MinnRoast hurts MinnPost's journalistic credibility, Nick Coleman argues
Tomorrow night is the fourth annual MinnRoast, a fundraiser for MinnPost's "non-partisan, nonprofit" brand of journalism. And former Star Tribune columnist Nick Coleman argues convincingly today that the whole event compromises MinnPost's journalistic credibility.
MinnPost advertises Governor Mark Dayton's appearance at MinnRoast
"I draw the line at making buffoons out of ourselves, and giving the impression that we're buddies with the powerful and political types who shouldn't be calling us to find out when we're available for golf or beer," Coleman says.
MinnRoast is modeled after Washington's long-standing Gridiron Dinner, which itself has been criticized as a gross violation of journalistic objectivity. In a scathing, well-reasoned column posted today on his personal website, Coleman points out all the reasons why MinnRoast hurts MinnPost's credibility.
Nick Coleman is not amused by MinnRoast
MinnPost is supposed to be a non-partisan, non-profit news outlet. But when most of the event sponsors lean left, that promise of objectivity is hard to believe, Coleman points out.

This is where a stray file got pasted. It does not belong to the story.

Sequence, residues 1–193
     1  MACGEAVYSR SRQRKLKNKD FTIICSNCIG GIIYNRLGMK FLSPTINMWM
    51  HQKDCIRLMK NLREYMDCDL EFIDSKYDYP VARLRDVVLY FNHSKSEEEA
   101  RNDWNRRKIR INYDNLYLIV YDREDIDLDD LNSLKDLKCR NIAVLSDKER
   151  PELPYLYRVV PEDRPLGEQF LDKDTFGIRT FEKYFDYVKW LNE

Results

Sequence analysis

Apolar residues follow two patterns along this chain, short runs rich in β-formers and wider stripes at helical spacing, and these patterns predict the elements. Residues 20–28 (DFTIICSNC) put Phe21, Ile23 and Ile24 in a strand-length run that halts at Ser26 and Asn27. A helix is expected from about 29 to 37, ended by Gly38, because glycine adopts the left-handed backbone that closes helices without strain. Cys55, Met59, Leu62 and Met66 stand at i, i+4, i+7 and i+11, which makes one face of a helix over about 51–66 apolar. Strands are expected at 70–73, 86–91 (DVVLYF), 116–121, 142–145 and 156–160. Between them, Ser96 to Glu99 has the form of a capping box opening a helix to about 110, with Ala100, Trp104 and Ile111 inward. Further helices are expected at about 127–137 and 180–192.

And when the list of sponsors includes spin-doctor Tom Horner, the former gubernatorial candidate and owner of PR firm Himle-Horner--a group that helps clients lobby for and against bills at the Legislature--it's a real problem. Even if there is no impropriety, there is the appearance of impropriety, Coleman points out.
Gov. Mark Dayton is slated to speak at tomorrow's event, so Coleman requested a press pass to cover the event. MinnPost CEO Joel Kramer turned him down three times. Here's what Kramer told Coleman:
YouTube MinnPost CEO Joel Kramer (purple pants) at MinnRoast 2010
"The President of the United States usually speaks at the Gridiron dinner in Washington, attended by many journalists," Kramer wrote to Coleman in an e-mail. "The Gridiron Club doesn't give press credentials, and neither do we. I have considered your request, and my rejection of it stands. As I said, you are welcome to purchase tickets."
Coleman makes the point that any time the governor speaks, it's newsworthy. And journalists shouldn't have to pay to cover the news.
Nor should they be cavorting like old school chums with the very elected officials they're charged with watch-dogging.
As Coleman puts it, "Leave the circus for professional clowns."